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Should knowledge be defined as being free of ethical judgment?

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Ramy Alani 2/7/2004 Dr. Lewis Examples: First Draft Should knowledge be defined as being free of ethical judgment? Knowledge. The term "knowledge" is one of the few in the English language that requires the reader to pause and think about the power if its meaning. Knowledge is an experience, or an understanding of a concept. Experience is achieved through studying, whether formal in construction such as that the English z101 course, or informal such as understanding where to find limited parking on the USC campus. The statements derived from experiences must be accepted as truthful. Statements such as "Essays do not require thought" or "Parking is readily available" are not knowledge since most people know in respect to the English language or parking availability that these statements are false. Listening to a lecturing parent, studying mathematics, or indulging in the twenty-plus nightspots at five points, are all various ways of gaining knowledge. Knowledge resembles a figurative double-edged sword in that it can both aide and encumber humanity. Knowledge is often created with a beneficial purpose yet has the potential to cause pain and suffering. The science of chemistry aims to study the structure of behavior and structure of matter. ...read more.


Scientists such as Enrico Fermi were appointed with the task to arrive at such a weapon (Truman Library). The concepts of nuclear fission were later refined and applied to non-destructive uses. Under correct maintenance, nuclear power plants are a cost-effective and ecologically friendly source of power. Nuclear medicine is "a safe, painless, and cost-effective way of gathering information that may otherwise be unavailable or require more expensive and risky diagnostic test" (About Nuclear Medicine.) The science of physics has seen new formulae and advances due to studies in nuclear fission. Advances in nuclear fission have provided more help then harm. The moral use of any knowledge does not depend on properties such as the system of knowledge used (i.e. mathematics or science) the knowledge type (i.e. emotion or reason) or its nature. The moral use depends upon the people who exert control on a certain form of knowledge. Since knowledge can be used towards any potential, it would be absurd to apply moral judgment upon it. All knowledge regardless of category has equal potential benefit or harm humankind. There is no category of knowledge that should be avoided due to a human-perceived association with harm. As stated earlier, the meaning of knowledge is vast and has numerous possible meanings, but moral judgment is not included in those meanings. ...read more.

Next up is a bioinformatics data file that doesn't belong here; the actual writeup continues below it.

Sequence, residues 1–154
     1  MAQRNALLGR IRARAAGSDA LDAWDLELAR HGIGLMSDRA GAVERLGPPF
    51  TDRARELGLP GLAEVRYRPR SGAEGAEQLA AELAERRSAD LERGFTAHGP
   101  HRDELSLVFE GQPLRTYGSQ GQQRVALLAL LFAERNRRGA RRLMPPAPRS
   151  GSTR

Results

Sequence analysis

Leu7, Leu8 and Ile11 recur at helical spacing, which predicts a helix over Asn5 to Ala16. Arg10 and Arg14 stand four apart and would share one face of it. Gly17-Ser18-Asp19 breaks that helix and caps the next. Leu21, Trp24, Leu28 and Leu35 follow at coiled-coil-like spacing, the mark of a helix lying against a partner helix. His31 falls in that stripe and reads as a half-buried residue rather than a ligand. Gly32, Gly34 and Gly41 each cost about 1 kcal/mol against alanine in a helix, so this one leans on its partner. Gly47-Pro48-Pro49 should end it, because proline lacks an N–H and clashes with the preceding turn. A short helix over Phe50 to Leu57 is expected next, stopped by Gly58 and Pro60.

Even though the risk of knowledge causing harm does exist, it does not overcome the potential to benefit humankind. If nuclear research was abandoned because of the risk of a meltdown, then nuclear propulsion would be not be discovered. People control both new and old knowledge. Any new knowledge is no different than pre-existing knowledge. Each new concept or experience uncovered leads to a decision: helpful or harmful. Seeking new knowledge opens possibility for further harm and further benefit. Alone, knowledge cannot help nor harm. The manipulation of knowledge is done by human beings; it is only people with knowledge that use it to benefit or hinder others. The person, not the knowledge itself, is responsible for the harm done by his interpretation and manipulation. Every type of knowledge has the ability to either aid or hinder humanity, and therefore should be pursued. Knowledge does not conform to man's system of moral judgment. Gianessi, Leonard P. "The Uses and Benefits of Organophosphate and Carbamate Insecticides in U.S. Crop Production" National Center for Food and Agricultural Policy. December. 1997. < http://www.croplifeamerica.org/public/issues/fqpa/uboocci.pdf > "Fathers in Radiation History" The Health Physics Society. < http://www.orcbs.msu.edu/radiation/radhistory/enricofermi.html> Stormfront. Zyklon B. <http://www.stormfront.org/revision/ff5zyklonb.html> Wikipedia, The Free Encyclopedia. Zyklon B. 1 August 2003. <http://www.wikipedia.org/wiki/Zyklon_B> "The Decision to Drop the Atomic Bomb: Post War Use of Atomic Energy" Truman Presidential Museum and Library. <http://www.trumanlibrary.org/whistlestop/study_collections/bomb/large/post_war.htm> "About Nuclear Medicine" Society of Nuclear Medicine. <http://www.snm.org/nuclear/benefits.html> ...read more.

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